I found Descartes quite interesting to listen to at first as he was saying he was going to reject everything and start anew on a quest for truth. I was curious to see whether or not this approach could really lead to a better method at attaining truth, since ridding oneself of prejudices sounds like a pretty good idea. But like most philosophers, he describes this ideal better than he practices it. Conclusions aside, such as his proof for the existence of God, I see two main flaws in his approach.<br><br> First off he does his statement of throwing all opinions away is silly since any system of logic from which you deduce “truths” from previously proven truths must have at its base a set of truths you accept without questioning, also known as postulates or axioms, from which you build everything else upon. For you cannot prove something from nothing. Now let’s look at what his axioms are. The first one is “I think” from which he deduces “I am” (18). The next two axioms are “[I] think of something more perfect than I was”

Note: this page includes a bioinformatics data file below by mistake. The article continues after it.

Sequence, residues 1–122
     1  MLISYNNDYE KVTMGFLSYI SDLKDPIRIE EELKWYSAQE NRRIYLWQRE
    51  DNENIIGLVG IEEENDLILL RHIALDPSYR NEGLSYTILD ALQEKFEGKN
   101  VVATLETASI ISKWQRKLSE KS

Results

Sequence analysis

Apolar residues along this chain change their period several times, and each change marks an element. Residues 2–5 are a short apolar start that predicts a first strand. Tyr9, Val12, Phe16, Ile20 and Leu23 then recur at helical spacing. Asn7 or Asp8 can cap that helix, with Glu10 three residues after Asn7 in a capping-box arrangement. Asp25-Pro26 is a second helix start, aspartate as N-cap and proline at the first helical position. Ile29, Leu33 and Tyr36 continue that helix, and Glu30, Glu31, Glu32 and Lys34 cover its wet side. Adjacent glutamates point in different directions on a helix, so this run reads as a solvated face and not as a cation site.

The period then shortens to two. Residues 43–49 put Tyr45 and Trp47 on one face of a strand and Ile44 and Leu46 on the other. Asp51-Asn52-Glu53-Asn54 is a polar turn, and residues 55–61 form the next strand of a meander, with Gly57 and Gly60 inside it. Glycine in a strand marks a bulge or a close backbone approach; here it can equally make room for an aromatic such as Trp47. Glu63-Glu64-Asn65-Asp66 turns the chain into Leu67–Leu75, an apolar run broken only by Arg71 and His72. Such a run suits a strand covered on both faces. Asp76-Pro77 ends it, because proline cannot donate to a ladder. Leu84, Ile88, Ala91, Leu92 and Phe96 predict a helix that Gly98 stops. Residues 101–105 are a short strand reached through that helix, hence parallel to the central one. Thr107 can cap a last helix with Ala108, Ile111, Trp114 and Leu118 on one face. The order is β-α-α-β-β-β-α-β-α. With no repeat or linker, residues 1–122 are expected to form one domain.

This is the end of the preview. Sign up
access the rest of the document.
This note was uploaded on 04/16/2008 for the course HIST 101 taught by Professor Wormer during the Spring '08 term at Columbia.